Ska Snare?

bubnjar-pula

New member
as I ply a lot of ska with my band I was wonderind what type of snare do ska drummers have next to the main snare...i know it is suposed to be really shallow and I definetly need one but the question is...which one should it be? Any ideas anyone? :?:
 

Johnny Cat

New member
Typically it's what is called a piccolo snare drum, which is usually 13" in diameter and ranges from 2 to 4" deep, depending on which model you get. The ones that I've seen in ska bands are usually made of bronze or steel, and are played wide open with the snares off. You can get other smaller snare drums that are 10" or 12" in diameter, with varying depths.

Some ska drummers also have another drum beside them called a timbale that is used quite a bit for accents and rolls to spice things up. It was originally used in a lot of Latin American music. These are made by many different manufacturers, the most common probably being Latin Percussion.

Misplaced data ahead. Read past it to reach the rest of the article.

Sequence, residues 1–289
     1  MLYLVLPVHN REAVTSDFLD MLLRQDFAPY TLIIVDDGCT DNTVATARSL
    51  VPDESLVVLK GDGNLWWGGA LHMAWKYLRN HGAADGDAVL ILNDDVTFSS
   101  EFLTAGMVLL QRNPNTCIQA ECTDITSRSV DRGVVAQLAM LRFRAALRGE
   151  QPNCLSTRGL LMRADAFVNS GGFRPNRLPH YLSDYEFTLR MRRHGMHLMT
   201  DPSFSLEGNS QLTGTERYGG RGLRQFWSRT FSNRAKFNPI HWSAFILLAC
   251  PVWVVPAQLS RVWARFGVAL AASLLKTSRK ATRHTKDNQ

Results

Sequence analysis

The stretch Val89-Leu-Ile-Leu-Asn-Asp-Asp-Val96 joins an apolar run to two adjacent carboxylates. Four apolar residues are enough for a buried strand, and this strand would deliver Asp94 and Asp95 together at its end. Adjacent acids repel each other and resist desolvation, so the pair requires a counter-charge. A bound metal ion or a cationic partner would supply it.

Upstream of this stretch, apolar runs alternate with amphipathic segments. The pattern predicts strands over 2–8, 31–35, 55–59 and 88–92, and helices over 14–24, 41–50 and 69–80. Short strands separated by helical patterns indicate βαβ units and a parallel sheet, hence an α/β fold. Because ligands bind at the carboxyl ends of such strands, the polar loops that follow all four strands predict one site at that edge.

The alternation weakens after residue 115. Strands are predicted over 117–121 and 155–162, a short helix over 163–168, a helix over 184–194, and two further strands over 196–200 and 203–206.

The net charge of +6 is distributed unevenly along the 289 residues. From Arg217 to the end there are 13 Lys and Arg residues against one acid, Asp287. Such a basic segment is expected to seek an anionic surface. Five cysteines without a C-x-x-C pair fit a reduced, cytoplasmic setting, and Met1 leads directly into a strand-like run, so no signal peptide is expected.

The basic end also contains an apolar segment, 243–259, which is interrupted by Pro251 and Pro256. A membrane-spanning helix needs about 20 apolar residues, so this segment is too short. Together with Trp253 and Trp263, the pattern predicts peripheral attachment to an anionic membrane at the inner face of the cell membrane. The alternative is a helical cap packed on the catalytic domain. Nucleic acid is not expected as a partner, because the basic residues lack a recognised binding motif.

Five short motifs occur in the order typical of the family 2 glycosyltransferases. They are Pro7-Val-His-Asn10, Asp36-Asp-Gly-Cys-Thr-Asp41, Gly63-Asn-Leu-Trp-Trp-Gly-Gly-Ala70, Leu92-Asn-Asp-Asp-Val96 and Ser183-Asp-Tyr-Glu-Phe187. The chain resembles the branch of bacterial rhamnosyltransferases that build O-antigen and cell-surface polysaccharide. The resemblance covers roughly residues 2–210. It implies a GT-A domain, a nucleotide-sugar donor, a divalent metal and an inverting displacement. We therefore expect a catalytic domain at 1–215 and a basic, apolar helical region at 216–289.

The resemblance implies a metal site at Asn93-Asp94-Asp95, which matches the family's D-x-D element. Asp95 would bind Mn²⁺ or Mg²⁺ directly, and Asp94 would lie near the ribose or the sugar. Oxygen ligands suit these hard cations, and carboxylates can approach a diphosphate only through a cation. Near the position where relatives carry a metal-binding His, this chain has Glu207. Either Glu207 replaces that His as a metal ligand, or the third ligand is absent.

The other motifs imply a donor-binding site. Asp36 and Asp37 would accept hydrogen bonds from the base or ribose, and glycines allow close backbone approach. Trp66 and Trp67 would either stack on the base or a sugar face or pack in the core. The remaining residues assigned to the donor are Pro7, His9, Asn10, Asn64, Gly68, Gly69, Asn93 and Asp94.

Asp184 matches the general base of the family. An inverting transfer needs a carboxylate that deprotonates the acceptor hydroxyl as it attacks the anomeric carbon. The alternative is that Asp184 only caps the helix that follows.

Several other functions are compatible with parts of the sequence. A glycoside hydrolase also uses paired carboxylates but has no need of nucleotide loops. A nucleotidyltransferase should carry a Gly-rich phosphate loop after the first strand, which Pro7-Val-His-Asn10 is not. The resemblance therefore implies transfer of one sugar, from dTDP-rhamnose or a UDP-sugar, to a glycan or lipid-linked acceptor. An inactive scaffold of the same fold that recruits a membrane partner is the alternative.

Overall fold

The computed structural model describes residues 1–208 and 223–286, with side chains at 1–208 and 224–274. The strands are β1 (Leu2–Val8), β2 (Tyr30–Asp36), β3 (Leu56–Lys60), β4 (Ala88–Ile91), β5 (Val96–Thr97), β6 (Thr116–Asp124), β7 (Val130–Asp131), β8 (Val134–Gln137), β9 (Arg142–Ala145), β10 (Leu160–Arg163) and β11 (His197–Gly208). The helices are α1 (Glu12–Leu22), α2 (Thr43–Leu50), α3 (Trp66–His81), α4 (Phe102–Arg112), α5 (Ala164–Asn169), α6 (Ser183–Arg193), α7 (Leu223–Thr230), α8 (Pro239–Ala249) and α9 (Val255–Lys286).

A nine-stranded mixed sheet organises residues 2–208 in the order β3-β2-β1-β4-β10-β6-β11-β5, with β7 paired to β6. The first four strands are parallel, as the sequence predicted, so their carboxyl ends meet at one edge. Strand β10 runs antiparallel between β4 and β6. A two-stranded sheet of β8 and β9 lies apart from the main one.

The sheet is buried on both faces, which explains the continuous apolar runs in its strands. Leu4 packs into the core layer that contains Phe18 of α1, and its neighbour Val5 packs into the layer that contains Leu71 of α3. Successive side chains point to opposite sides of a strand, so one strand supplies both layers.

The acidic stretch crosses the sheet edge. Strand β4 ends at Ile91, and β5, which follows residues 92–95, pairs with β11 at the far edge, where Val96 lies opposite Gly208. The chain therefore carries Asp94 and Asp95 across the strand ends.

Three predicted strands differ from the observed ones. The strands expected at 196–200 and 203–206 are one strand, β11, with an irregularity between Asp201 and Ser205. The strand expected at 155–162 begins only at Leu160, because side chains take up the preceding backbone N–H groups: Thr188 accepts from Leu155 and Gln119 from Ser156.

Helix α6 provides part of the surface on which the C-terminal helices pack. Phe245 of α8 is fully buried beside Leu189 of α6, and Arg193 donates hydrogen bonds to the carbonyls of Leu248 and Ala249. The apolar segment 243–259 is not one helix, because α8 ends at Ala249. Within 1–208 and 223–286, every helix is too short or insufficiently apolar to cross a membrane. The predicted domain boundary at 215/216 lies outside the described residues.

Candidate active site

There are countless quality manufacturers on the market of piccolos and timbales. Shop around and try everything. Go with what suits your budget the best and most importantly, sounds the best for you. Good luck.
 

Dailey

New member
Hey man, get a nice thin piccolo. It'll give you a nice bright shallow attack. As for heads, I think a Remo Powerstroke would sound nice
 

Rockula!

New member
Two other qualities that a Ska snare should have are the ability to make a pronounced cross stick and a cracking rim shot
Die cast hoops are very effective because they have more mass than conventional hoops
This gives the stick a more solid foundation for the stick to make contact with
My playing has evolved to where most of my snare hits are rim shots
In a small to medium sized room, I seldom need the snare mic to be above 1 or 2 in the PA
Those die cast hoops really make your snare project loudly
I do not consider it necessary for the bottom rim to be die cast
I'd do it if I could afford the extra
They cost about $30
 
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